Discovering the awe of the Creator through the life of His servant-sufferer.
In January, I resolved to read through the Bible. My journey began well. I cruised through several chapters each day, visited many strong characters en route: Abraham, Joseph, Moses, Joshua. Naomi, a bitter woman turned sweet, grabbed my attention. As she rocked an unexpected grandson on her knee, I waded into Samuel, Kings, Chronicles, Esther, and finally, Job.
I’d heard enough depressing sermons from this book to last a lifetime. Its forty-two chapters loomed like a haunted, forbidding forest.
Spring arrived. On sunny days, I read by the river or in the backyard. Job’s dreary story seemed out of sync with buds and birds. So I detoured around it and went straight to the Psalms. Before long, I reached Isaiah. What a prophet and what a writer. Isaiah’s beautiful word pictures encourage and comfort the reader. By summer, I’d reached Malachi, the end of the Old Testament, and congratulated myself.
How can you say you’re reading the Bible through if you skip Job? That niggling question interrupted my back-patting. I’d placed a mental tick beside each book as I’d completed it. No tick beside Job.
Seeking shade from the sun, I moved my lawn chair under a maple tree. My fingers leafed through the pages of a worn Amplified version of the Bible. “There was a man in the land of Uz whose name was Job . . .” (1:1). With that, my mind left the heat of the backyard and dove into the dark, cold waters of this troubling book.
At the outset, Satan seeks God’s consent to test Job’s faith. Permission granted. Nobody relays this information to Job, which might seem an injustice. Before the end of the first chapter, invaders have stolen his livestock and killed his servants, and Job’s ten children have died in a windstorm. Satan, upset by Job’s positive response, challenges God to afflict his health and gets the go-ahead. The poor man’s body breaks out in boils from head to toe. Grief angers his wife; she turns on him. By this time, Job’s neighbors are crossing the street to avoid him.
As if his troubles weren’t stacked high enough, Job’s long-winded, self-righteous friends arrive to console him. These three “wise men” badger troubled Job to confess his sins and renounce pride. Their platitude-ridden speeches exasperate him:
“Wearisome and miserable comforters are you all! Will your futile words of wind have no end? Or what makes you so bold to answer [me like this]? I also could speak as you do, if you were in my stead; I could join words together against you and shake my head at you” (16:2-4).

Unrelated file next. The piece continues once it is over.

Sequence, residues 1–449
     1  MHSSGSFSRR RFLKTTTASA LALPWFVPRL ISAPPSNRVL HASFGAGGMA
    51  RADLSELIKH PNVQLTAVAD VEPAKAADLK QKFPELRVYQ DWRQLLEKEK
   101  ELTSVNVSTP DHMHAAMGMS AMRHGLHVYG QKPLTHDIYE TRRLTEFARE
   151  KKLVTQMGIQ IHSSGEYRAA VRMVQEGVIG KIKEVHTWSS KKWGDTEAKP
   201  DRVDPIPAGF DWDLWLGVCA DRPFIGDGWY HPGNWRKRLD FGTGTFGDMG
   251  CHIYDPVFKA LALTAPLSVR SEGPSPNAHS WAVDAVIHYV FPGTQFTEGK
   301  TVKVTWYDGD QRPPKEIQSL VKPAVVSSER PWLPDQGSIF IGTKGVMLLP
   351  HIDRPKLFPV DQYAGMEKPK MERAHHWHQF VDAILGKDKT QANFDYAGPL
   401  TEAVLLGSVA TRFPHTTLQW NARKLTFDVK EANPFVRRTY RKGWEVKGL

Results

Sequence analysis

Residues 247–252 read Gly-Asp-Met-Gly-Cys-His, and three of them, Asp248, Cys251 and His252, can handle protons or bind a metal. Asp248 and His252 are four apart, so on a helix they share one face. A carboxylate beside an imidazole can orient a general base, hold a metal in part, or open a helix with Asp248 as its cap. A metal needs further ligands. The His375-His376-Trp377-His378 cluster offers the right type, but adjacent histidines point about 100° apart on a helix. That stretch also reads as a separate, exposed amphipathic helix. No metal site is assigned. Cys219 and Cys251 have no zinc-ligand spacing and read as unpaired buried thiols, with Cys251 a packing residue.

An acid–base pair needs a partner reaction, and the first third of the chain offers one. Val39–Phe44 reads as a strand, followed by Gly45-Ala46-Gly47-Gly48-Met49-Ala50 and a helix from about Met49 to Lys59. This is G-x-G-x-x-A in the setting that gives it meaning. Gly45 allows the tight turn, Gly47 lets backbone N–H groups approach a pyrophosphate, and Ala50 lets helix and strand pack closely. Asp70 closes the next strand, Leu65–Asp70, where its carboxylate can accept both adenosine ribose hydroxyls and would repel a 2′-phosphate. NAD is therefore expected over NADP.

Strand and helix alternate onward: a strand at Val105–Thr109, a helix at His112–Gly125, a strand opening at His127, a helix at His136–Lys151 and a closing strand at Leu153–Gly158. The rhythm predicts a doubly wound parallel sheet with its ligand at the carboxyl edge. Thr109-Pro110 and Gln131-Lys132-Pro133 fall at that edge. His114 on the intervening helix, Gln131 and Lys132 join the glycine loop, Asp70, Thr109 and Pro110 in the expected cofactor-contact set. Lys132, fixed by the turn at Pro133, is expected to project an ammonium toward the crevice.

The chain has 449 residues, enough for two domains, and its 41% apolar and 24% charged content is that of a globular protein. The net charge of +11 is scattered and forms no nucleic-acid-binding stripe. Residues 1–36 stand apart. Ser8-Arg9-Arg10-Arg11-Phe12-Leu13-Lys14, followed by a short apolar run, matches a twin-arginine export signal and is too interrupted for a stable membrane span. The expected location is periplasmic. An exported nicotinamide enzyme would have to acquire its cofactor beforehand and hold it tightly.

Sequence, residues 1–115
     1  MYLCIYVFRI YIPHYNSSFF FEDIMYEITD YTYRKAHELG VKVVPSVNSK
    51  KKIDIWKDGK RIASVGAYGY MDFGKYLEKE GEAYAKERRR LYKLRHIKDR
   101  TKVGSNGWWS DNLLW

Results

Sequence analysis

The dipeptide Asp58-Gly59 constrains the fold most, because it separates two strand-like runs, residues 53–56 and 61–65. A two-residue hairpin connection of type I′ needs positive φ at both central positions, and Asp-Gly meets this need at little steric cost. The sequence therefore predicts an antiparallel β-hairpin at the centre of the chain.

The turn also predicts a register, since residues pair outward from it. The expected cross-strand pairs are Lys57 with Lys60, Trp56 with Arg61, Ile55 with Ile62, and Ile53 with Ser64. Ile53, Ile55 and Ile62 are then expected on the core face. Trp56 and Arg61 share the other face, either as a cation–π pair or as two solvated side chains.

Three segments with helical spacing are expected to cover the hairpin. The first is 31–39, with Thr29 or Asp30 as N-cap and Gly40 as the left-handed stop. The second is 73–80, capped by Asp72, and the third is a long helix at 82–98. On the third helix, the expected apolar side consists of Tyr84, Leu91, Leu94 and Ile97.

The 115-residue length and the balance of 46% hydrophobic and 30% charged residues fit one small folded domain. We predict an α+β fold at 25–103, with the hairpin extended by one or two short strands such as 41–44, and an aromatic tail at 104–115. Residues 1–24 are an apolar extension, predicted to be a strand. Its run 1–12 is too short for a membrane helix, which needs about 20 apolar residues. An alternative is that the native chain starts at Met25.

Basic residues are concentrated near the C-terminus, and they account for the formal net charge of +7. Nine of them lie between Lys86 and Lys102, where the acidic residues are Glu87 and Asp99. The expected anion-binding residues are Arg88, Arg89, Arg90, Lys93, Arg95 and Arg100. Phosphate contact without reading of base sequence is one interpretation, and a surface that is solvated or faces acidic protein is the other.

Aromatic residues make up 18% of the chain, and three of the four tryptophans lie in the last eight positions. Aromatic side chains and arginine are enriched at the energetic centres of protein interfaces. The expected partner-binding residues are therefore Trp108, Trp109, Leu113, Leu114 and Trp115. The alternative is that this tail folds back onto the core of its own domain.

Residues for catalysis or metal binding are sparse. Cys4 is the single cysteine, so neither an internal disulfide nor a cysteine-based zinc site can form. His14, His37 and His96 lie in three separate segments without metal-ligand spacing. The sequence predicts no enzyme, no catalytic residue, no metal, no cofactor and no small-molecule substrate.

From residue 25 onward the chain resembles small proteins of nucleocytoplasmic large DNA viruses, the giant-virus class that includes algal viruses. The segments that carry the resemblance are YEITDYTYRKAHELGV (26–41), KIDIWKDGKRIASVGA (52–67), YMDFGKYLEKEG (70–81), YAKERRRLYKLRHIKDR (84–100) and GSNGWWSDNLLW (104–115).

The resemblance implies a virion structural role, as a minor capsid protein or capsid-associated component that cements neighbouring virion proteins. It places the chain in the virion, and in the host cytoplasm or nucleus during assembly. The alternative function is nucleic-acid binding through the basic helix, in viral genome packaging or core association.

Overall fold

Job’s rebuke insults his comforters. They retaliate by predicting more suffering for their beloved friend. I ached for Job and wearied of his friends and their endless conversation. My journey slowed. Anything that bloomed, moved, or spoke distracted me from reading.
By mid-August Job concludes his three friends are hypocrites. Without a lawyer to represent him, he defends himself and swears he’s innocent of breaking God’s laws. Then a fourth, younger friend, Elihu, takes five chapters to defend God. The engine of my Bible reading sputtered uphill — until the first chill of fall began turning the leaves of my maple tree golden. That’s when I reached chapter 38 and discovered I wasn’t the only one fed up with the philosophizing of Job and his tedious friends.
Worshipping with Job
God seizes Job (and the reader) by the collar. He forces our noses to the ground to consider whose hands laid earth’s foundation. Then with Superman flash, He circles the constellations and asks, “Can you bind the chains of . . . Pleiades?” (38:31).
Breathless, Job stutters, “Behold, I am of small account and vile!” (40:4), then clasps his hand over his mouth. But his spiritual awakening isn’t finished. The Lord plunges Job to ocean depths and challenges him to take on the sea monster. He wisely declines.
The grand finale — another question, paraphrased: “So you’re afraid to awaken a crocodile but not afraid to disrespect Me, the beast’s creator?”
Remorseful Job recognizes his sin and confesses; he sees God and worships. So did I.
“I have heard of You by the hearing of the ear,
But now my eye sees You.
Therefore I abhor myself,
And repent in dust and ashes” (42:5, 6, NKJV).
I’d forgotten, or perhaps never grasped, what A. W. Tozer calls the Oh! of God. In Born After Midnight, he writes: “When God Himself appears before the mind — awesome, vast and incomprehensible — then the mind sinks into silence and the heart cries out, ‘O Lord God!’” Call it reverence, the fear of God, or awe, discovering God’s Oh! is glimpsing His incomprehensible power in a way that reveals our true feeble state. Oh! immobilizes. It quakes the joints and dizzies the mind. It reminds us that without a Savior, Jesus Christ, we are completely lost. Knowing this, we worship.
I had jogged through the last five chapters of Job, lost track of time in wonderment. As the cover closed, I felt a sadness that comes with saying goodbye to a loved character in a novel. Before moving on, I promised to return often, to keep God’s awe — His Oh! — aflame in my heart.